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BUILDING A CARROT BRIDGE

I use a computer to organize my life and save time.

This seems beyond my wife’s comprehension.

The other day, I tried to explain the concept to her. “Kate,” I said, “suppose there are 10 things you want to do today.”

“I would only have three,” she said. “If I do three things a day, I figure it’s a good day. No one can do 10 different things well in one day.”

“I don’t like to brag but I can,” I said.

“No, you can’t. You could peel 10 carrots, but you couldn’t buy carrot seeds, plant the carrots, weed the carrots, fertilize the carrots, water the carrots, dig up the carrots, clean the carrots, bag the carrots, peel the carrots and eat them all in one day.”

“You’re talking about a long-term project and, with a computer, you can take 10 things and set up a flow chart. Makes life a lot easier.”

“A flow chart?”

“Right, prompts you do things in order,” I said.

“When you grow carrots, you have to do them in order,” she said. “You can’t bag carrots before you plant them. And you certainly can’t wash carrots before you dig them up.”

“I’m talking about a hypothetical situation. Suppose you’re building a bridge.”

“You can’t build a bridge out of carrots,” she said.

“I’m talking about a hypothetical bridge.”

“And what happens if a herd of hypothetical rabbits shows up?” she asked. “How long do you think your carrot bridge would last?”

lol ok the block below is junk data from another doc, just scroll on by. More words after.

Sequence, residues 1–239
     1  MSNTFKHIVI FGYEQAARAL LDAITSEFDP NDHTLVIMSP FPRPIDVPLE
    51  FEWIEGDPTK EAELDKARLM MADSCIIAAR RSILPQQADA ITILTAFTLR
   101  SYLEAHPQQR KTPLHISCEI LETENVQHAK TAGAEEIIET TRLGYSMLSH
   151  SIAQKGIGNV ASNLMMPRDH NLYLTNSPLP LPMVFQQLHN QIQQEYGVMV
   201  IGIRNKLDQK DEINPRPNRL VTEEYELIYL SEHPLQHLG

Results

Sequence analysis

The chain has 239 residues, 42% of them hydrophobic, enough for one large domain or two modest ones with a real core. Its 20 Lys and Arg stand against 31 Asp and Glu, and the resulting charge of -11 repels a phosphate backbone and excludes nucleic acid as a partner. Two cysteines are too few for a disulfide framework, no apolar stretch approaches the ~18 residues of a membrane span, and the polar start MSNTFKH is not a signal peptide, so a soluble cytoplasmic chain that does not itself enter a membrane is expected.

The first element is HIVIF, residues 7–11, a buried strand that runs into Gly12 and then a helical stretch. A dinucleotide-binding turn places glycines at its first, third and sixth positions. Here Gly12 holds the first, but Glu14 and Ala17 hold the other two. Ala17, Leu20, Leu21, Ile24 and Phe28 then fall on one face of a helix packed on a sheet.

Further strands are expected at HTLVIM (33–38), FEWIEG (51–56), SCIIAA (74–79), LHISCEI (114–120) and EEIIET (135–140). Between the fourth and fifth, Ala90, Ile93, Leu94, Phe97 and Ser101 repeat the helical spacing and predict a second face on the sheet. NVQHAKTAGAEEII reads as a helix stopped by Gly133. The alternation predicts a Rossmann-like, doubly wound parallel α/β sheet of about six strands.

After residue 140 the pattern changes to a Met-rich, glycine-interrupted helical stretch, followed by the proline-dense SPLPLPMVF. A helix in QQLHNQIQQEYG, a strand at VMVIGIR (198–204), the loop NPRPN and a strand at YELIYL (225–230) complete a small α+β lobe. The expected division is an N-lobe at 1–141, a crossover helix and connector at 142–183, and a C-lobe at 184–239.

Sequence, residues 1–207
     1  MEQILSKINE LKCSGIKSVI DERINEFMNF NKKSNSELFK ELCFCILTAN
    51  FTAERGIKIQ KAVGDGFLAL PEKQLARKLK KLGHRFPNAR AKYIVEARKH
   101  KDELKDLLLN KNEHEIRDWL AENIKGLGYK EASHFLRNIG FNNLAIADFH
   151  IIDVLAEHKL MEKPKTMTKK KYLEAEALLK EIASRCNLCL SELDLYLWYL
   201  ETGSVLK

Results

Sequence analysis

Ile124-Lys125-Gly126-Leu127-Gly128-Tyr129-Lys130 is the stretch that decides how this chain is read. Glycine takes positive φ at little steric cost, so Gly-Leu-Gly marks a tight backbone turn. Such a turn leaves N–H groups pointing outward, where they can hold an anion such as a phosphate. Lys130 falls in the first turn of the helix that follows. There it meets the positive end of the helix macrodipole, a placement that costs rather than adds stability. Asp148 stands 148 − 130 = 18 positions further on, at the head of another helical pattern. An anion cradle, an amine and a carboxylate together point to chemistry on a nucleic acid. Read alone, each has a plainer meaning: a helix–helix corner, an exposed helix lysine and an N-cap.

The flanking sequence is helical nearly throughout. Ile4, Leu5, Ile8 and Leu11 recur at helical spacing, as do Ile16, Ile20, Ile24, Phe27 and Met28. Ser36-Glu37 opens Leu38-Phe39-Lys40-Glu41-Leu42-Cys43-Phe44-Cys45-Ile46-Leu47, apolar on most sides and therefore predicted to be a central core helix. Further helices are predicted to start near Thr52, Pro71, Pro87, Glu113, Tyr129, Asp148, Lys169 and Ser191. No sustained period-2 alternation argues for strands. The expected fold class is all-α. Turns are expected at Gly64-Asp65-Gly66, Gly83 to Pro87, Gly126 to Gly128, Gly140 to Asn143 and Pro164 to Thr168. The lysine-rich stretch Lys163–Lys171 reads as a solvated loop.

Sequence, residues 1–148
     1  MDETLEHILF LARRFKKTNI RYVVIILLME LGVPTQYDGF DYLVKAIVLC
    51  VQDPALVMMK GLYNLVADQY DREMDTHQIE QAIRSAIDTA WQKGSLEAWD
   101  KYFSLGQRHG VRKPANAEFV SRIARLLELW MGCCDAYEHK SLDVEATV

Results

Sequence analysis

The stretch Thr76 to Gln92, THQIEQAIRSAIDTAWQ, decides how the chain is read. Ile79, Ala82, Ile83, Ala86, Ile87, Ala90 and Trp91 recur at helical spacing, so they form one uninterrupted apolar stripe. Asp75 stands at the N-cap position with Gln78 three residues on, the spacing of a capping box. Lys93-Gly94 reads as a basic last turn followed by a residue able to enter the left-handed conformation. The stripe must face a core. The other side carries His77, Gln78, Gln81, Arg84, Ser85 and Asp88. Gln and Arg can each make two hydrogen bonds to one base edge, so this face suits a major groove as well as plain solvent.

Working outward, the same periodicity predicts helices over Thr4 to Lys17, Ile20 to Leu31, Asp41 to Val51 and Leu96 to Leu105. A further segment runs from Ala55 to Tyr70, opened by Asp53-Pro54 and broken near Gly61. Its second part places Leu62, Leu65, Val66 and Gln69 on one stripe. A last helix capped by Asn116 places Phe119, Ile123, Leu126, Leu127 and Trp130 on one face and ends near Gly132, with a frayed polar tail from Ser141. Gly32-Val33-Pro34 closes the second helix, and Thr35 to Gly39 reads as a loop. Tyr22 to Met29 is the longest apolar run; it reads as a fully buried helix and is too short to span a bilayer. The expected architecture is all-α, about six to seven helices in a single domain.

“Honey,” I said. “Let’s talk about real problems. What do you have to do today?”

“Go shopping, see my mother, and get gas for the car.”

“Wouldn’t a list help?” I asked.

“A list of what?” she asked.

“Of your three things,” I said.

“I’m only doing ONE thing this afternoon,” she said. “Mother and I are going shopping.”

“That’s two things, honey.”

“It’s one thing,” she said. “Mother and I are going shopping.”

“Okay, it’s one thing, but you have to get gas.”

“If we don’t get gas, we can’t go shopping. Getting the gas is part of going shopping. Unless you get the gas.”

“Okay, it’s all one thing,” I said.

“It’s one thing my way; it’s two yours,” she said.

“You want to explain?”

“Sure. I’m going shopping with my mother. That’s one thing. The second thing would be writing it on your silly computer; First I have to turn on the computer, then I have to get into some silly program, then I have to type ‘we’re going shopping,’ and I hate typing, then I have to turn on the printer and put some paper in it and get the list printed, then I have to fold up the list and store it in my pocket.”

“Your second task involves at least seven sub-tasks. That’s a list if I ever saw one. Can’t you see how it’s easier to keep track of a list with a computer?”

“You wouldn’t have to do any of them if you didn’t have a computer. Will you fill up the car with gas?”

I drove the car to a service station, gassed it and brought it back.

Kate said thank you and left.

When she came home, I helped her unload 22 things from the trunk. “How much stuff did you buy?” I asked.

“I went shopping for groceries. Groceries are one thing,” she said. “And please stop trying to complicate life when I have two more things to do today.”

“What?” I asked.

“I’m going to build a bridge out of carrots and throw your computer off it.”

“That sounds like one thing,” I said.

“You’re learning,” she said.


 

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